This week was Maths Week England and we have introduced a whole series of different mathematical problems to the girls. We have been encouraging them to work collaboratively to use their skills to tackle a range of challenging problems. These have included using their number skills to solve Yohaku problems, working out how many squares there are on a chessboard (not 64), calculating the number of presents given in total in the 12 days of Christmas or thinking about how many digits are used to number the pages of a book.
We have also talked about some famous female mathematicians, including Dame Mary Cartwright.
Dame Mary Cartwright (1900-1998) was a British mathematician who, with J. E. Littlewood, was one of the first mathematicians to study what would become known as Chaos Theory. Her work identified many solutions to a problem which was an example of the butterfly effect. Mary was a pupil at Godolphin School (1916-19) before going on to study mathematics at St Hugh's College, Oxford, where she was the first woman to attend the final degree lectures and to obtain a first. Mary had a distinguished academic career, with her work on analytical functions now known as Cartwright's Theorem. She was Mistress of Girton College, Cambridge from 1948 to 1968. Among many other achievements Mary was the first female mathematician to be elected to be a Fellow of the Royal Society.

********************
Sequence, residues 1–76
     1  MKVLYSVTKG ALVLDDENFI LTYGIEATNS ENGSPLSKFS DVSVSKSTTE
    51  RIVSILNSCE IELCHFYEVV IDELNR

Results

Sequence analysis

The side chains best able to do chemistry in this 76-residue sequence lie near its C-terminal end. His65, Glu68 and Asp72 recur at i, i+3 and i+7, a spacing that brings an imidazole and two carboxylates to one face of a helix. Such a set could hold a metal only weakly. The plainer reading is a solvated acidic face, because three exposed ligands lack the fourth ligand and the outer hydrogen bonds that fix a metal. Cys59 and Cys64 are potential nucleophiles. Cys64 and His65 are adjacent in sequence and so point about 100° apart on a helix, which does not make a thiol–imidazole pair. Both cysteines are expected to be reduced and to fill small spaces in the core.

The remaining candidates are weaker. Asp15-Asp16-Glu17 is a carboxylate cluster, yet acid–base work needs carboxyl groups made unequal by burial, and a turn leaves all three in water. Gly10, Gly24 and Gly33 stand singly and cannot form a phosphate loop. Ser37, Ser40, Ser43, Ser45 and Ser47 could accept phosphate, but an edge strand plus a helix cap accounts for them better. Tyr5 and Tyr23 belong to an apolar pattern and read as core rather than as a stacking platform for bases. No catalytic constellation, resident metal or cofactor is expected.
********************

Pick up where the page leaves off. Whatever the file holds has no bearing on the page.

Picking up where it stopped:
Geoff Smith, Head of Maths